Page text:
An early form of carrot began to be cultivated in the last few centuries BCE. It is first mentioned in the 3rd century BCE by Diphilus of Siphnos. It was claimed to be diuretic; it was also juicier and more digestible than the parsnip. This carrot was not red (or orange), it was whitish (an early variant of Wild carrot?) and understandably confused with parsnip as the same plant. The “redness” feature is thought to have emerged in varieties developed in post classical times, after hybridisation with a central Asian species in the early Middle ages. The first European author who mentions red and yellow carrots is the Byzantine dietician Simeon Seth, in the 11th century.

(Source - Food in the Ancient World from A to Z - Page 75 Andrew Dalby · 2013)

(references: Dioscorides MM 3,57, E 2.101;Galen AF 6.654, SF 11.862; Athenaeus D citing Diphilus of Siphnos (karo); Simeon Seth p35 Langkavel)

Carrots and Parsnips - Historians believe the ancient Greeks and Romans cultivated carrots, they are mentioned by Pliny the Elder and were prized by the Emperor Tiberius. However most ancient writings from Asia Minor, Greece and Rome do not mention carrots specifically, even though wild carrots have a long history of presumed medicinal use. Parsnip is often mentioned in the writings and often the words for parsnip and carrot were initially interchangeable. In classical writings both vegetables seem to have been sometimes called pastinaca yet each vegetable appears to be well under cultivation in Roman times.

Throughout the Classical Period and the Middle Ages writers constantly confused carrots and parsnips and often treated them as the same plant. This may seem odd given that the average modern carrot is about seven inches long and bright orange while a parsnip is off white/ivory, usually fatter and can grow up to 3 feet, but this distinction was much less obvious as wild carrots were also an off white colour (or purple) during these periods before early modern plant breeders got to work. It is thought that the orange carrot was not developed and stabilised until the 1500's, probably in the Low Countries. Its original colour varied between dirty white and pinkish purple. Both vegetables have also got much fatter and fleshier in recent centuries, and parsnips may have been bred to be longer as well. In other words early medieval carrots and parsnips were both thin and woody and mostly of a vaguely whitish colour. This being the case, almost everyone up to the early modern period can perhaps be forgiven for failing to distinguish between the two, however frustrating this may be for the food historian.  (The Road to Domestication and the colour orange is discussed here with some compelling images from way before 1500).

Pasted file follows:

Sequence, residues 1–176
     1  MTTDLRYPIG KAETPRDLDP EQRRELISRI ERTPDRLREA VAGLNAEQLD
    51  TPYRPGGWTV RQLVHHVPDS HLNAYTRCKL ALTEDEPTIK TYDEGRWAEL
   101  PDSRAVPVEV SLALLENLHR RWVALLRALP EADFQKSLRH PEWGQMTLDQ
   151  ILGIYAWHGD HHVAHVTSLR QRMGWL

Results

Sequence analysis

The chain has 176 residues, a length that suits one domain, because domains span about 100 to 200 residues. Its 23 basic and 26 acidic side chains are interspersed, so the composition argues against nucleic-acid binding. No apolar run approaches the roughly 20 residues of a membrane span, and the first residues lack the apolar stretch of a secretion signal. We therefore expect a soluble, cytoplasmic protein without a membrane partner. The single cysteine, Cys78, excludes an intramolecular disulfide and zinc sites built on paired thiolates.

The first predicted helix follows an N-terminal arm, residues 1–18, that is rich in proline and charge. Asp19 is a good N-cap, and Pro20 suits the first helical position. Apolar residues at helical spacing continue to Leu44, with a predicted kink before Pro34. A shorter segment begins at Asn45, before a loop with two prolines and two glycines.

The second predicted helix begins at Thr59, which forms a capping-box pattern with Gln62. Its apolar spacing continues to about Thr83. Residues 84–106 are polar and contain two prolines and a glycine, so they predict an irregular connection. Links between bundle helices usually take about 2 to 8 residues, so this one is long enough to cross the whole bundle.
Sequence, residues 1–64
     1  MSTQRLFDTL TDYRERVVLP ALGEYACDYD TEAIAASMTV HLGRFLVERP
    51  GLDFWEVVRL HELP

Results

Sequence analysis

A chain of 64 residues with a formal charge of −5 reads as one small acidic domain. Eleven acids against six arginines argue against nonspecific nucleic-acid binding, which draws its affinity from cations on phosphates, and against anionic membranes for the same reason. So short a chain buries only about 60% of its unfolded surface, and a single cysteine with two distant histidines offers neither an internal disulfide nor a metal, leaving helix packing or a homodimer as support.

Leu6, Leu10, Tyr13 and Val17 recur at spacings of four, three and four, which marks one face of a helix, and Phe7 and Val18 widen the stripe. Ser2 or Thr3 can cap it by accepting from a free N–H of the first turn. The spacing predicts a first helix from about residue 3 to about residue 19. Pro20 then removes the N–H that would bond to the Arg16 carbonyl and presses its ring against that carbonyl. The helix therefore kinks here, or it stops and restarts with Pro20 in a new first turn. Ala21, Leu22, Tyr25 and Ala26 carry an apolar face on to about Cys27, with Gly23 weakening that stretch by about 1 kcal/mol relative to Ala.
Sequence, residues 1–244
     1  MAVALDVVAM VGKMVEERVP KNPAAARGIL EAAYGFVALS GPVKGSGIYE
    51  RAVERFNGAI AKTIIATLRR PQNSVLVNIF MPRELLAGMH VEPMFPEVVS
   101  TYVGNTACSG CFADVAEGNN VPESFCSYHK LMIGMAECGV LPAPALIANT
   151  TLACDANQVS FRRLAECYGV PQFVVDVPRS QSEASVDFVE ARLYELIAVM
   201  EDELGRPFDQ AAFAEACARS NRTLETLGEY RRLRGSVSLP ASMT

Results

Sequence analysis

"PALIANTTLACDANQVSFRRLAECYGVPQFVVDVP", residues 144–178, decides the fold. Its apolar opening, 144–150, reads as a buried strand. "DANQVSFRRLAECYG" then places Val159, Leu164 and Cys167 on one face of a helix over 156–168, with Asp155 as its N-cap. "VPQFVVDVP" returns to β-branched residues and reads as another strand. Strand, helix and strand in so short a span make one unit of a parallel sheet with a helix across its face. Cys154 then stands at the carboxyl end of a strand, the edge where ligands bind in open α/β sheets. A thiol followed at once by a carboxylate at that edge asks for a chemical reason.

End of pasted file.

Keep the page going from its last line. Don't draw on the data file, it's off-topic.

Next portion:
The plants were not confused on purpose, but since we have in many cases only the written word, if the Medieval writer called plants "pastinaca", without reference to colour in particular, it is impossible to know with certainty if they were carrots or parsnips.

The word "carrot" was first recorded in English around 1530 and was borrowed from Middle French carotte, itself from the Latin carōta, from Greek καρωτόν karōton. In Old English, carrots (typically white at the time) were not clearly distinguished from parsnips, the two being collectively called moru or more (from Proto-Indo-European) *mork- "edible root", German for carrot is Möhre). Various languages still use the same word for "carrot" as they do for "root"; e.g. in Dutch it is wortel.

Etymology of the name "Karota" and then "Carrot" is discussed in detail in this page.